Stone Brewing $100 million ‘True Craft’ investing fund takes aims at ‘Big Beer’

Stone Brewing and Greg Koch are at it again.

“There is a squeeze coming in the craft beer world. True Craft’s goal is simple: Give craft brewers another option than selling a majority interest to private equity or selling out to big beer.”

— Greg Koch, Stone Brewing co-founder on new $100 million True Craft fund.

Greg Koch’s talk at EG 2016 where he announced, True Craft, an “alternative to being pushed out or bought out from the mega commodity world,” True Craft is Koch’s answer to “market forces that are beginning their march to recompress the beer industry,” he said.

Presenting to a group of eccentric innovators and entrepreneurs who gathered at Carmel-by-the-Sea for the very eclectic  “e.g” conference, Stone Brewing co-founder Greg Koch this weekend revealed plans to launch a new $100 million fund for investing in “real” food and beverage companies.

“Some people start companies to sell out,” Koch said. “Some start companies because they are compelled to follow their passion. True Craft is for the latter. Craft beer needs an alternative model to the one that requires founders to sell their company in its entirety.”

Koch added: “In a world in which there are constant forces toward homogenization and fitting in, I specifically want to foster a world of uniqueness, depth and character.”

Beginning with an industry he knows quite well, craft beer, Koch said he’s secured $100 million from a group of “independent investors,” that will be used to acquire “minority, non-controlling” stakes in craft breweries. Discussions with additional investors looking to help finance the new venture as also in discussion, Koch said.

Called “True Craft,” the new platform “allows craft breweries to stay craft breweries,” Koch told the crowd at e.g., which bills itself as a conference that is attended by “the most industrious and iconoclastic talents of our time.”

Koch, Stone and crew have been planning the move for at least six months. Stone Brewing Company filed for the Trademark “True Craft Brewing” on Oct. 6, 2015.

“They can make their own decisions about their future,” he said. “They can stay independent. They can get financing and flexibility that they need to flourish, while keeping their soul and control.”

True Craft will welcome a handful of the best craft brewers in the business alongside Stone Brewing, according to Koch.

Each brewery may participate in True Craft. In turn, the company will provide minority investments to its members with minimal stipulations. All breweries will be aligned in the philosophical mindset of banding together to preserve craft while retaining full soul and control of their businesses for years to come.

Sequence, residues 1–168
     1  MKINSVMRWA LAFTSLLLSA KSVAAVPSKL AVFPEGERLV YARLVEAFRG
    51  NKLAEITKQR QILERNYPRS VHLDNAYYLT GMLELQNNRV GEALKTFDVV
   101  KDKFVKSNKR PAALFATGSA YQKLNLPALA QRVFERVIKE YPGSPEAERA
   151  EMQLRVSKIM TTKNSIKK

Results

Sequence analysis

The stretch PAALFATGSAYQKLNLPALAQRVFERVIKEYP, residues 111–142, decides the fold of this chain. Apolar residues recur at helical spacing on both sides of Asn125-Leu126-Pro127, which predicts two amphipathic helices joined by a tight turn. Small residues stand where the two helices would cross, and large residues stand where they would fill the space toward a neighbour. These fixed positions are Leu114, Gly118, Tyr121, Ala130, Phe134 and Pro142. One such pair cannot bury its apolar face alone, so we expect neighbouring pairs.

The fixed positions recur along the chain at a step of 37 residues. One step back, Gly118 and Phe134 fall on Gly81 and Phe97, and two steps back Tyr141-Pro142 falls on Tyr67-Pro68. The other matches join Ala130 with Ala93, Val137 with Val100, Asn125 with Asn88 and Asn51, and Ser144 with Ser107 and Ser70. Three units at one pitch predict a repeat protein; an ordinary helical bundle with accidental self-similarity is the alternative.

It’s unclear exactly how the new venture, which Stone has described as a “craft beer investment company,” is structured or who its investors are, but Koch also said he was in discussion with a “small group” of craft breweries who are interested in joining the new consortium.

Describing the concept as an “alternative to being pushed out or bought out from the mega commodity world,” True Craft is Koch’s answer to “market forces that are beginning their march to recompress the beer industry,” he said.

“There is a squeeze coming in the craft beer world,” Koch said at the EG Conference. “True Craft’s goal is simple: Give craft brewers another option than selling a majority interest to private equity or selling out to big beer.”

True Craft, he claims, was built to “help misfit companies stick around in a world that is designed to help them assimilate like the Borg.”

During his presentation, Koch showed a photo of a bar at the Burbank Airport which featured taps from a number of craft brands such as Golden Road, 10 Barrel and Craft Brew Alliance. The common thread? Anheuser-Busch InBev either wholly or partially owned all of the beers on tap, Koch said, a phenomenon that creates the “illusion of choice.”

“We will not be commoditized and we will not be homogenized,” Koch said. “Some people start companies to sell out and some start companies because they are compelled to follow their passion. True craft is for the later.”

“This is about setting up a consortium so we can not just survive, but continue to thrive in a world in which craft is being co-opted by Big Beer,” Stone president and co-founder Steve Wagner said later.

“This allows companies like Stone to follow an ethos that involves independence and passion for the artisanal,” Wagner said. “By investing in True Craft now, we can be confident that our vision is locked in beyond our professional lifetimes and we feel privileged to help others in our industry do the same.”

1 Comment on "Stone Brewing $100 million ‘True Craft’ investing fund takes aims at ‘Big Beer’"

  1. Did Stone Brewing do the True Craft investing fund and if so who have they invested in.

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